Pension Reform Newsletter: Leveraging airports to improve pension solvency, the future of reform in Pennsylvania, and more
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Pension Reform Newsletter

Pension Reform Newsletter: Leveraging airports to improve pension solvency, the future of reform in Pennsylvania, and more

Plus: Solutions to Montana’s pension challenges, comparing U.S. and Canadian public pensions, and more.

This newsletter from the Pension Integrity Project at Reason Foundation highlights articles, research, opinion, and other information related to public pension challenges and reform efforts across the nation. You can find previous editions here.

In This Issue:

Articles, Research & Spotlights 

  • Leveraging Airports to Improve Pension Solvency
  • The Future of Pension Reform in Pennsylvania
  • Solutions to Montana’s Pension Challenges
  • How to Improve North Dakota’s Retirement Plan
  • Experts: Forecast Worsening for Future Market Returns 
  • Comparing U.S. and Canadian Public Pensions 

Quotable Quotes on Pension Reform
Contact the Pension Reform Help Desk


Articles, Research & Spotlights

Reason Study Finds Leasing U.S. Airports Could Generate Revenues to Pay Down Debt, Pensions

A new study from Reason Foundation’s Robert Poole estimates the market values of 31 airports owned by U.S. cities, counties, and states and shows how they can maximize and monetize these assets for other high-priority public purposes, including paying down costly public pension debt. According to the report, Los Angeles could generate as much as $17.8 billion with its airport, before paying off the airport’s debt as would be required by federal law. Several other cities, including Dallas/Fort Worth and San Francisco, have airport assets valued at over $10 billion. While the leasing of airports into public-private partnerships seems novel in the U.S., this practice has become the norm in other parts of the world. To estimate the value airport properties could have on long-standing pension funding shortfalls, the study compares the potential airport values to each jurisdiction’s unfunded public pension obligations, identifying several cities and states that could completely eliminate their unfunded liabilities and greatly benefit from this policy proposal.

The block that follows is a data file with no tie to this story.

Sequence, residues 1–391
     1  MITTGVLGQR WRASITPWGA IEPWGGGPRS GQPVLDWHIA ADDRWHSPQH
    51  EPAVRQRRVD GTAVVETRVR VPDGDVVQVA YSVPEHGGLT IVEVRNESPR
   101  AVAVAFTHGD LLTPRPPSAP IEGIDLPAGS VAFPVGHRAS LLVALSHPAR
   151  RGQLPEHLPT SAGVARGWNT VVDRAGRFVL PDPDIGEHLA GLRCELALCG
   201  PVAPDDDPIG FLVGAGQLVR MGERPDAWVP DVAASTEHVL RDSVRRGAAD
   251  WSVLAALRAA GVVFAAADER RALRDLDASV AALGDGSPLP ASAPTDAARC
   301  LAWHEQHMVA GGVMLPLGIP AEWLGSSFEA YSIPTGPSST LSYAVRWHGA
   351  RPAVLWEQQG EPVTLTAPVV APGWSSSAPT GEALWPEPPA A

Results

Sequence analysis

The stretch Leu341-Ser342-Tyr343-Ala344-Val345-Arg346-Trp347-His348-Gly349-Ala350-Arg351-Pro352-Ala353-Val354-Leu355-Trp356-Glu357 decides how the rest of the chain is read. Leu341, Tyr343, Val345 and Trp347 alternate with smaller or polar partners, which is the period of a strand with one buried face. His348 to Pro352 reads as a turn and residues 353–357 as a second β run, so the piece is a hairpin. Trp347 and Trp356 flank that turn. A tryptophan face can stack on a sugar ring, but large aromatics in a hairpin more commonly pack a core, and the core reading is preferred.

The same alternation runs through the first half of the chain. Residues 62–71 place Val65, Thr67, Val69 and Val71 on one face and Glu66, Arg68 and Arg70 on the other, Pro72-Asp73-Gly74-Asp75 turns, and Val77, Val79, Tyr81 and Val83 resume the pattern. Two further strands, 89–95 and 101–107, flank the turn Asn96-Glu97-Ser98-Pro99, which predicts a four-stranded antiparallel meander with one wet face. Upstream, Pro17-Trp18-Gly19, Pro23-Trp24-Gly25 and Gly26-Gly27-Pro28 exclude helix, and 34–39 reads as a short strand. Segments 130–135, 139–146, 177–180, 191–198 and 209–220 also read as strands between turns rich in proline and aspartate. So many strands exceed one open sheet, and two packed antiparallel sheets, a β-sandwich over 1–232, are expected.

Comments on Pensions in Pennsylvania

Reason testified this month at the invitation of the Pennsylvania House State Government Committee. The Pension Integrity Project spoke at a two-day hearing convened to look at the future of Pennsylvania’s pension plans. The testimony by Reason’s Ryan Frost takes a broad look at the state’s pension challenges and identifies several areas that are in need of reform, including contributions, amortization, and risk management policies. It also examines the state’s policies on pension benefit garnishment and forfeiture in response to significant crimes or misconduct. A comparison among all U.S. states finds that Pennsylvania is one of just 13 that allows for this punitive action on all employee types, including law enforcement. 

The Future of Montana’s Underfunded Pension Plans

Reason Foundation’s Steven Gassenberger submitted public comment to the Interim State Administration and Veterans’ Affairs Committee, detailing the areas where reform is needed for Montana’s two major public pension systems, one for teachers and the other for all other state employees. These plans combined have accrued over $5 billion in unfunded retirement benefits. Through advanced forecast analysis, he finds that a reform proposed in the last legislative session could effectively address the challenges that continue to contribute to the state’s growing funding issues. This type of reform—which generally involves adjustments to contribution and amortization policies—would generate long-term savings for state taxpayers, and would better secure the retirement plan for the future.

How to Fix North Dakota’s Pension System

Over the last 20 years, the North Dakota Public Employees Retirement System (NDPERS) went from 115% funded to just 68% funded, driving up costs and threatening the solvency of the state’s public retirement. The largest contributor to NDPERS’ funding woes is the state’s chronic practice of making insufficient contributions into the plan. In this report, the Pension Integrity Project examines the history of NDPERS, identifying several key areas where reform is needed. The report outlines and analyzes several reform options that, in combination, would improve the long-term sustainability of the plan. These options include changes to contribution and amortization policies, in addition to a plan design for new hires that better manages risk.